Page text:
Seoul-based photographer Koo Bohnchang dedicates much of his practice to capturing the passage of time. His celebrated series Vessels, taken over the course of 13 years, studies the frailty and beauty of Joseon-era baekja (porcelain) which Koo visited in major museums around the world. His images have since been incorporated into some of these museums’ collections and put on display alongside the original ceramics, such as in the V&A and the British Museum in London, and the Asian Art Museum in San Francisco. Koo’s other still life series have focused on gold objects from Mesoamerica, war remnants from the DMZ in Korea, traditional theatrical masks, and hand soap collected on his travels at various stages of use, captured in soft, sensitive focus to reveal a jewel-like quality.
Koo’s still lifes are often presented in an exaggerated format, enveloping the viewer. Many images in Vessels were produced in a pink light, enhancing the smooth texture, and revealing the hairline cracks and gentle wobbliness of the ancient ceramics. “I like to convey the very quiet surfaces of the ceramics,” says Koo. “Beyond their minimal exteriors, it is as if there is something I can hear, inside. It is like the paintings of Hammershøi – there is a silence, an emptiness. I hope people can listen to what I have captured, and perhaps sense some very subtle vibration.”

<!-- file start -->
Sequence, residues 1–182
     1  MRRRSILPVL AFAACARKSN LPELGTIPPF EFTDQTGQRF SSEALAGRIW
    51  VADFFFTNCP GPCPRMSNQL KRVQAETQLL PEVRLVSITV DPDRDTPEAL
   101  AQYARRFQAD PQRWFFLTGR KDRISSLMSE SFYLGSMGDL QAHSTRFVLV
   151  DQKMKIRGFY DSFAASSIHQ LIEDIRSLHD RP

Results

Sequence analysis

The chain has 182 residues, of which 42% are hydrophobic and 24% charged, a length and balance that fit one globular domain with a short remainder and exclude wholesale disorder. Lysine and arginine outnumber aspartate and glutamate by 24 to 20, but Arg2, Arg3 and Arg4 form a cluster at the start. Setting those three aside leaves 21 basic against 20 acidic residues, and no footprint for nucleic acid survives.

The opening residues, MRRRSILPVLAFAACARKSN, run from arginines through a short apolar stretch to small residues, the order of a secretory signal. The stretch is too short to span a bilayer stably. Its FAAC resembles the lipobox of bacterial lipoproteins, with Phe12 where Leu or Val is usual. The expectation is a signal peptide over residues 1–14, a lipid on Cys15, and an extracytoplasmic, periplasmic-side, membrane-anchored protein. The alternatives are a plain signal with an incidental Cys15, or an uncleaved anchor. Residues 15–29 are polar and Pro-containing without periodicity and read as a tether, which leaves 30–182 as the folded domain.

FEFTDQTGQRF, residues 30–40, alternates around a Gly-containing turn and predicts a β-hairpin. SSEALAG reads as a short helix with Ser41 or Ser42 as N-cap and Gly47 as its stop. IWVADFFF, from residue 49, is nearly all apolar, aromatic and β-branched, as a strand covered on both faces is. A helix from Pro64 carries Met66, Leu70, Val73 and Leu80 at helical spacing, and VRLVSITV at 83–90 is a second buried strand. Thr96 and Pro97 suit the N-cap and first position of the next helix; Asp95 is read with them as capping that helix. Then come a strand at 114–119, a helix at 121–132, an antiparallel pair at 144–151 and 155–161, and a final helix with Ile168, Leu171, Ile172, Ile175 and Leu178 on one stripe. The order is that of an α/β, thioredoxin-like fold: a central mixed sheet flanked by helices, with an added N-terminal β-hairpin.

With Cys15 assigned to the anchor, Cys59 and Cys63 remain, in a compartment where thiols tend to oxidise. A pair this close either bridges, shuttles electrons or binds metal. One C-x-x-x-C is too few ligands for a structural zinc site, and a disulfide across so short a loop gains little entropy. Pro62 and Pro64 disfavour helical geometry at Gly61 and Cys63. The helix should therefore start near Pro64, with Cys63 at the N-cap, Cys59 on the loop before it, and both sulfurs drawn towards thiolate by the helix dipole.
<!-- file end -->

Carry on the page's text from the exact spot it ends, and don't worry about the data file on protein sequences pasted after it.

Koo has been exhibiting his work since 1983, and has held solo shows across Korea, China, Japan, Australia, the US, Spain, Italy, France, Switzerland, Austria and Germany. His work can be viewed in the collections of major museums around the world. He held the position of professor of photography at Kyungil University in Daegu, Korea, and has been a visiting professor at Hamburg Summer School, and Central Saint Martins College of Art and Design in London.
In his early career, Koo was principally concerned with street photography, a collection of which, titled Clandestine Pursuit in the Long Afternoon, was exhibited at Zen Foto in Tokyo in 2019, featuring work he created around Seoul in 1985, just before the dramatic change to the cityscape occurred in the lead up to the 1988 Olympic Games. “Street photography is the original reason I became a photographer,” he says. “I have many interests, but my different intentions and passions all melt into one. Without my prior experiences, I don’t think I would have been able to convey the very quiet, 200-year-old surfaces of the ceramics in Vessels. I love to capture these snapshots of time – these indirect histories that your imagination can grapple with.”